All posts by Nick DeSantis


Mid-Continent U., in Kentucky, Will Close

Mid-Continent University, a Southern Baptist-affiliated college in Mayfield, Ky., will close at the end of June, according to The Paducah Sun and WPSD-TV.

The university’s Board of Trustees met for more than three hours on Tuesday before announcing the decision. Robert (Tom) Walden, who was recently appointed to replace the university’s interim president, said all of the institution’s employees had been laid off. The college has recently faced severe financial problems.

Mr. Walden said the colle…


U. of Utah and Tribe Reach Deal on Use of ‘Ute’ Name

The University of Utah and leaders of the Ute Indian Tribe on Tuesday announced that they had reached an agreement that allows the university to continue using the “Ute” name and drum-and-feather logo for its athletics teams, The Salt Lake Tribune reported.

The five-year agreement commits the university to financing scholarships for American Indian students, with a permanent scholarship category designated for Ute members. The university will also appoint an adviser to its president, David W. Pe…


Jackson College Will Lay Off 7 Faculty Members

Jackson College, in Michigan, plans to lay off seven full-time faculty members as part of an effort to cut costs. The layoffs are expected to save about $910,000 in the college’s budget for 2014-15. The cuts will take effect in August, following a round of layoffs last year that affected 17 administrators and support-staff workers.

Those faculty receiving notices will have five days to notify administration if they want to “bump” into another position that they can demonstrate and administration agrees they are qualified for, said Provost Rebekah Woods.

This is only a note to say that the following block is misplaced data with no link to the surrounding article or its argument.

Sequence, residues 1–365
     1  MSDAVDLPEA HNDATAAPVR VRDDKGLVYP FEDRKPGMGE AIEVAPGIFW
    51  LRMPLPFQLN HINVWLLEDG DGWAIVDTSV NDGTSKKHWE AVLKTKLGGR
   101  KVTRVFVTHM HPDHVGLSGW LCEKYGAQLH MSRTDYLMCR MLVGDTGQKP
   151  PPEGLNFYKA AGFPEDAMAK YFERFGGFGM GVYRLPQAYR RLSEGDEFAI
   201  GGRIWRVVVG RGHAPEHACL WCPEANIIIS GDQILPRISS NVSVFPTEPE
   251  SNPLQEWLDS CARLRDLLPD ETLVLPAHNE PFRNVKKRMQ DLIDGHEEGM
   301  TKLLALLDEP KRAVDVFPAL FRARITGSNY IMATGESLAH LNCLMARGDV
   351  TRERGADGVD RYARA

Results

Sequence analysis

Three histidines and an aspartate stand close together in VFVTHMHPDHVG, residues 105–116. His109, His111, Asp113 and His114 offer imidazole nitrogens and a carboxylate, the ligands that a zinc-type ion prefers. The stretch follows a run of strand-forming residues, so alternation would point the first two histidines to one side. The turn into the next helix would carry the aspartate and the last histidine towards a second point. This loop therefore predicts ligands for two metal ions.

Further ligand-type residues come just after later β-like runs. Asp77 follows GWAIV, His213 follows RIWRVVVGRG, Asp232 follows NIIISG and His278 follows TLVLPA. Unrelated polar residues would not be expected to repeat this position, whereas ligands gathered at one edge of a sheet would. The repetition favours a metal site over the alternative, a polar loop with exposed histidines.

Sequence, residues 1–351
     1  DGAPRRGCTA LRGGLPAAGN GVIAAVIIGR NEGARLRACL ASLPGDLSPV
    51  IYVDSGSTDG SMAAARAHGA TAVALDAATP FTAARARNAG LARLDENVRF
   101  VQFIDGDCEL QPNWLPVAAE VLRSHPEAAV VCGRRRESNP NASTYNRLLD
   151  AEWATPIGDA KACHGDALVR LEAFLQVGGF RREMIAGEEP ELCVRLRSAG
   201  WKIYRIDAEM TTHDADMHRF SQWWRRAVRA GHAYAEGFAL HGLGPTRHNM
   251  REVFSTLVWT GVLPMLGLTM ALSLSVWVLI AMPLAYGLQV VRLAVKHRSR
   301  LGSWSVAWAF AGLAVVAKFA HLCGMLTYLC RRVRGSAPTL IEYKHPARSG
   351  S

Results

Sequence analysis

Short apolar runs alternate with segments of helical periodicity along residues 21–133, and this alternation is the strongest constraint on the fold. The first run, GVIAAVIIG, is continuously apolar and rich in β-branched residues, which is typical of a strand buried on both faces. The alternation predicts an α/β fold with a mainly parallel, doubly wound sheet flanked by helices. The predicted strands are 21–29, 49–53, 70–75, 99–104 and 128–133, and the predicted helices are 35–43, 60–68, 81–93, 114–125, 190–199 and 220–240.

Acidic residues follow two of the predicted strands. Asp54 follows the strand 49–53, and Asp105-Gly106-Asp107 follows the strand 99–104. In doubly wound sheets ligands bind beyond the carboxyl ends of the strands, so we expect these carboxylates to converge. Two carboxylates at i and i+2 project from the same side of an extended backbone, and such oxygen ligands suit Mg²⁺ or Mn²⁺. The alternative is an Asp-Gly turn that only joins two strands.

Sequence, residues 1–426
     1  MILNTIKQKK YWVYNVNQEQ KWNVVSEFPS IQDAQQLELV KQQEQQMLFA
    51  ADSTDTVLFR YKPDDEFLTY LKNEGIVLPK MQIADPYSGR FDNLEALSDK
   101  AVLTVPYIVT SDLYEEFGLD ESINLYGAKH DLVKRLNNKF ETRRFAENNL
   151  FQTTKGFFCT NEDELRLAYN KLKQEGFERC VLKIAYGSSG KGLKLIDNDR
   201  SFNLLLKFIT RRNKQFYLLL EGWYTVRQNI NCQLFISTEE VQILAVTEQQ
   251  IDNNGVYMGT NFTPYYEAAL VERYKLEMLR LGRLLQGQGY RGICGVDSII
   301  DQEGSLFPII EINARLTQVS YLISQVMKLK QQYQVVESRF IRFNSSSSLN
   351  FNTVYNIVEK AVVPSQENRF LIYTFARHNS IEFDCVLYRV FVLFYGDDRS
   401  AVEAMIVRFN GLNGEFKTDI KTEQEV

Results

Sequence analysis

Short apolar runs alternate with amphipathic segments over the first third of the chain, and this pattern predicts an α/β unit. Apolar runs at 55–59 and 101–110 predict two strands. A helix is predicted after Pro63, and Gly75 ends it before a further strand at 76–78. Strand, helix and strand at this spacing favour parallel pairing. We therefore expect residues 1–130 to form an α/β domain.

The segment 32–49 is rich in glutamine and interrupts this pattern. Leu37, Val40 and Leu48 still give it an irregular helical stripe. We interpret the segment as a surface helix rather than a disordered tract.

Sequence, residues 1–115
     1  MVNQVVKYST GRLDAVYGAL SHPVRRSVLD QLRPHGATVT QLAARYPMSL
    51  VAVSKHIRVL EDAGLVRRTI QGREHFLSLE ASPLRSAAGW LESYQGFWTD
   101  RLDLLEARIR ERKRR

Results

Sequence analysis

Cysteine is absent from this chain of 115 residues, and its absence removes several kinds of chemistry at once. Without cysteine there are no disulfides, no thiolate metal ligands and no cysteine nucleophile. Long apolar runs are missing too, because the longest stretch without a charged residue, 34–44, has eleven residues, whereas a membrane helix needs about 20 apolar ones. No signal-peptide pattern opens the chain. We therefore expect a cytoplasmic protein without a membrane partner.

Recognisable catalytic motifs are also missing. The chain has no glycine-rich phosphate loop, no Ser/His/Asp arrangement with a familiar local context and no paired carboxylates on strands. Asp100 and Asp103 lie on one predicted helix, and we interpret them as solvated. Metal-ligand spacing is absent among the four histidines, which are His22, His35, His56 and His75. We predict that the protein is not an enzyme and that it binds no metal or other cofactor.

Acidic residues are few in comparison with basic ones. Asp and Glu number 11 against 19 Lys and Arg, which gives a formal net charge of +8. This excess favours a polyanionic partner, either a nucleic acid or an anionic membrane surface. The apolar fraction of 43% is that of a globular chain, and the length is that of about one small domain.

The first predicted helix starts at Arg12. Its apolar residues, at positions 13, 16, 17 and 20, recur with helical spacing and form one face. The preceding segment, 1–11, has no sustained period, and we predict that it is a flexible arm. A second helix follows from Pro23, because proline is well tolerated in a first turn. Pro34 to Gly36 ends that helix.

Only adjunct faculty and faculty not granted continual contract status can be bumped from their positions, Woods said.

“The college’s mission is to teach students and faculty does that,” said Alana Tuckey, Jackson Community College Faculty Association union president. “The quality of the instruction of student learning should be a top priority and that’s not being accomplished with cutting faculty.”

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Colorado Bill to Improve Adjuncts’ Working Conditions Is Defeated

A bill in Colorado that sought to improve the pay and job security of adjunct instructors at the state’s community colleges has been shelved indefinitely after the measure was defeated by the Colorado House of Representatives’ Appropriations Committee. The committee voted last week, 9 to 4, against the measure, known as the Community College Pay and Benefits Act of 2014. The committee then voted to postpone the bill indefinitely.

Members of the committee raised concerns about the measure’s costs and said that the matter would be best handled by the community-college system itself, rather than through the legislature.

In an attempt to rescue the bill because of a $55 million fiscal cost (an earlier version of the bill carried an $86 million fiscal note), Fischer tried to amend it to force the college system to dip into its reserves to increase pay and offer benefits for all adjunct instructors.

That effort failed.

While Fischer earned sympathy from Democratic and Republican members of the committee, most agreed that it was too expensive a proposition, and that it was the wrong way to address the issue.

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Liberty U. Reduces Provost’s Duties After Questions on Partnership

Liberty University has scaled back the duties of Ronald S. Godwin, its provost and senior vice president for academic affairs, after he drew scrutiny for appearing to endorse a partnership between the university and a Texas-based faith healer. The university has said that the partnership was unauthorized.

Liberty said in a written statement that Mr. Godwin would no longer serve as vice president for academic affairs, though he will continue as provost. “I have apologized to President Falwell for this error and am grateful that I can continue to contribute to Liberty University’s health and success,” Mr. Godwin said in the statement.